(Nurin, you always be remembered and be a constant reminder to other parents. Image source: www.rockyou.com)
How many times you have heard this announcement?
“Dear valued shoppers, there is a kid here, wearing a red shirt and green pants, anyone have lost their kid, please come to the information counter to pick the kid up”
Whenever we hear this at the hypermarket, we would stand in anger and wonder how parents can lose their kids. Thankfully after the Nurin tragedy, such “announcements” died down rather quickly. Parents are certainly keeping closer eyes on their children. We used think that the parents were irresponsible until my son decided to prove me wrong.
These days, my son actually does a slow jog whenever we are walking around in shopping complexes and hyper marts. Within seconds, he is ahead of us by couple of metres and it is not long before we had to do a slow jog ourselves to catch up with him. If he is at the line of sight – it is not a problem, we always know where he is. The problem starts when he makes a quick turn to the left or right. By the time we catch up on “his last known position”, he had disappeared. Vanished!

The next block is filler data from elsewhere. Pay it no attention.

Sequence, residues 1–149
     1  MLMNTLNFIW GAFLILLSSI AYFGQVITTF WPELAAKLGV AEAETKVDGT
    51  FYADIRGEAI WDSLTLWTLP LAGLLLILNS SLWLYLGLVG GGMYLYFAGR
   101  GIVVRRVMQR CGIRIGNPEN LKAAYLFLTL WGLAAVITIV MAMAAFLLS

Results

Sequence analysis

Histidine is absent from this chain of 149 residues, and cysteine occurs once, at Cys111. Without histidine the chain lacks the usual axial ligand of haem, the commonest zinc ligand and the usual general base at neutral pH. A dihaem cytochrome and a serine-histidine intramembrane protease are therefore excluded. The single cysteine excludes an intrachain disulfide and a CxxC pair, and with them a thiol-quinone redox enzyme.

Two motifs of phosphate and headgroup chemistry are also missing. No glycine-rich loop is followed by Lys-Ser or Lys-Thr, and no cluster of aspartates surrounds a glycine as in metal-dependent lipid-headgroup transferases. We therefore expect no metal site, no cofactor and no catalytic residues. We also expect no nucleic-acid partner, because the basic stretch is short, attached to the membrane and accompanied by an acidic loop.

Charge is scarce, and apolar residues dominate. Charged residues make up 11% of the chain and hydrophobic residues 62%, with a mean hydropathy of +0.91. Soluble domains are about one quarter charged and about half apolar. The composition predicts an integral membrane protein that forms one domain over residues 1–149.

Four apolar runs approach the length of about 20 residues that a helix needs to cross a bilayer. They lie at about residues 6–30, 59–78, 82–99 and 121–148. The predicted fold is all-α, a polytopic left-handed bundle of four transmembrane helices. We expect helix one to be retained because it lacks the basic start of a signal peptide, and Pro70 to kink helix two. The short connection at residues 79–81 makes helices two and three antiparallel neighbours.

My wife and I will then form a quick “search and rescue team” to locate this witty, fast guy. Thankfully all the time, we can “locate” this guy in seconds for he always get distracted by something nearby and he goes not get far.
The problem however is compounded if I am alone with my son – I just have to do extra work to look for him. Often we are able to grab him but soon after he will wriggle himself from our hands and starts his “slow jog” again. If all things fail, the last option that we have is to grab him and carry him with him protesting aggressively. Once he is inside the car, things are deemed as “eagle is in the nest” and we can then breathe easily.
It is a good workout for me but the worry of missing kids is always in our mind when my son starts his “slow jogs”. We don’t mind his walks but certainly not over the issue of safety. We are waiting for captor alike tracking system for kids, sigh.